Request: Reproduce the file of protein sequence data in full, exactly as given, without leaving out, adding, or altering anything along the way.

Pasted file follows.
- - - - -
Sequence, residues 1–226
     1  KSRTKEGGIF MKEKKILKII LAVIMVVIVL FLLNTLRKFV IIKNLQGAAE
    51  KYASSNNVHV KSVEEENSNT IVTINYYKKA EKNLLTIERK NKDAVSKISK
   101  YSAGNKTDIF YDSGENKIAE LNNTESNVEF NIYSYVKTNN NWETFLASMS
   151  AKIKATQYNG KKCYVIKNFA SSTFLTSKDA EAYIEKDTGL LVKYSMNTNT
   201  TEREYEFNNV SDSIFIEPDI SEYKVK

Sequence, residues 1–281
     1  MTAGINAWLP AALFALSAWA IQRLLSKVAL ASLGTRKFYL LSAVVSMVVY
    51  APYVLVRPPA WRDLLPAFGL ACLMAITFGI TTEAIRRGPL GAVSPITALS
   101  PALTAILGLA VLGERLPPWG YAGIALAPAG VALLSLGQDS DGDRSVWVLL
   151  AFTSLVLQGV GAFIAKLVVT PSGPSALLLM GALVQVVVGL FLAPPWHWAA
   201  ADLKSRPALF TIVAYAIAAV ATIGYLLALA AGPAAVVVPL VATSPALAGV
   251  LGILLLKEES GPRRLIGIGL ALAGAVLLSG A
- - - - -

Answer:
Sequence, residues 1–226
     1  KSRTKEGGIF MKEKKILKII LAVIMVVIVL FLLNTLRKFV IIKNLQGAAE
    51  KYASSNNVHV KSVEEENSNT IVTINYYKKA EKNLLTIERK NKDAVSKISK
   101  YSAGNKTDIF YDSGENKIAE LNNTESNVEF NIYSYVKTNN NWETFLASMS
   151  AKIKATQYNG KKCYVIKNFA SSTFLTSKDA EAYIEKDTGL LVKYSMNTNT
   201  TEREYEFNNV SDSIFIEPDI SEYKVK

Sequence, residues 1–281
     1  MTAGINAWLP AALFALSAWA IQRLLSKVAL ASLGTRKFYL LSAVVSMVVY
    51  APYVLVRPPA WRDLLPAFGL ACLMAITFGI TTEAIRRGPL GAVSPITALS
   101  PALTAILGLA VLGERLPPWG YAGIALAPAG VALLSLGQDS DGDRSVWVLL
   151  AFTSLVLQGV GAFIAKLVVT PSGPSALLLM GALVQVVVGL FLAPPWHWAA
   201  ADLKSRPALF TIVAYAIAAV ATIGYLLALA AGPAAVVVPL VATSPALAGV
   251  LGILLLKEES GPRRLIGIGL ALAGAVLLSG A